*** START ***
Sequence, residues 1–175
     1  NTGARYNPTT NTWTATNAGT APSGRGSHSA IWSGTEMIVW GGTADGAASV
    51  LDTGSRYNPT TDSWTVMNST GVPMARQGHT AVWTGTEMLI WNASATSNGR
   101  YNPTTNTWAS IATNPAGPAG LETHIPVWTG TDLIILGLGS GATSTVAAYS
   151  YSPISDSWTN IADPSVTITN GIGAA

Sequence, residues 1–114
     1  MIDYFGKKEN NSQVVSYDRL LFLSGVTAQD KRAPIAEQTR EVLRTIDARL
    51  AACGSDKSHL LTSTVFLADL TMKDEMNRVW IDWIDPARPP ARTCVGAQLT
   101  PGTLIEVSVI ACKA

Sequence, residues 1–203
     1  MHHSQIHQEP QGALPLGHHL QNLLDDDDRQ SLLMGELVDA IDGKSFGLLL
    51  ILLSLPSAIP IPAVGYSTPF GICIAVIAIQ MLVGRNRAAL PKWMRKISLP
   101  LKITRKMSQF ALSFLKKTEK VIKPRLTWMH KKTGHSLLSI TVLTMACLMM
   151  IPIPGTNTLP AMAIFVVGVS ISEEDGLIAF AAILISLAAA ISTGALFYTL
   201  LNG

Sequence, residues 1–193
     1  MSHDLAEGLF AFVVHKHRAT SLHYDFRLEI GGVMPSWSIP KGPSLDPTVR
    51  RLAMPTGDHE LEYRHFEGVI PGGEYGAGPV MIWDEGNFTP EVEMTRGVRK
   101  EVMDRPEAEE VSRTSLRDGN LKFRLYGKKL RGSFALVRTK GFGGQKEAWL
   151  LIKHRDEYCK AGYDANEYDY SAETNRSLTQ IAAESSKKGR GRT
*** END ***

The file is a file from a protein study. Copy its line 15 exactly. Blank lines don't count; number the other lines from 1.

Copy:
   201  LNG